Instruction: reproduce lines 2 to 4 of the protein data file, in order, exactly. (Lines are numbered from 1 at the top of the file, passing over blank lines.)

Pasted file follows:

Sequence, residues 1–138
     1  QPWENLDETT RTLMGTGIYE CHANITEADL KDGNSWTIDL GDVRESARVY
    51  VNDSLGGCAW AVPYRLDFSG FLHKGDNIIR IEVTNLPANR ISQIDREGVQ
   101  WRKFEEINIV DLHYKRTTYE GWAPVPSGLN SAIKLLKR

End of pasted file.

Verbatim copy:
     1  QPWENLDETT RTLMGTGIYE CHANITEADL KDGNSWTIDL GDVRESARVY
    51  VNDSLGGCAW AVPYRLDFSG FLHKGDNIIR IEVTNLPANR ISQIDREGVQ
   101  WRKFEEINIV DLHYKRTTYE GWAPVPSGLN SAIKLLKR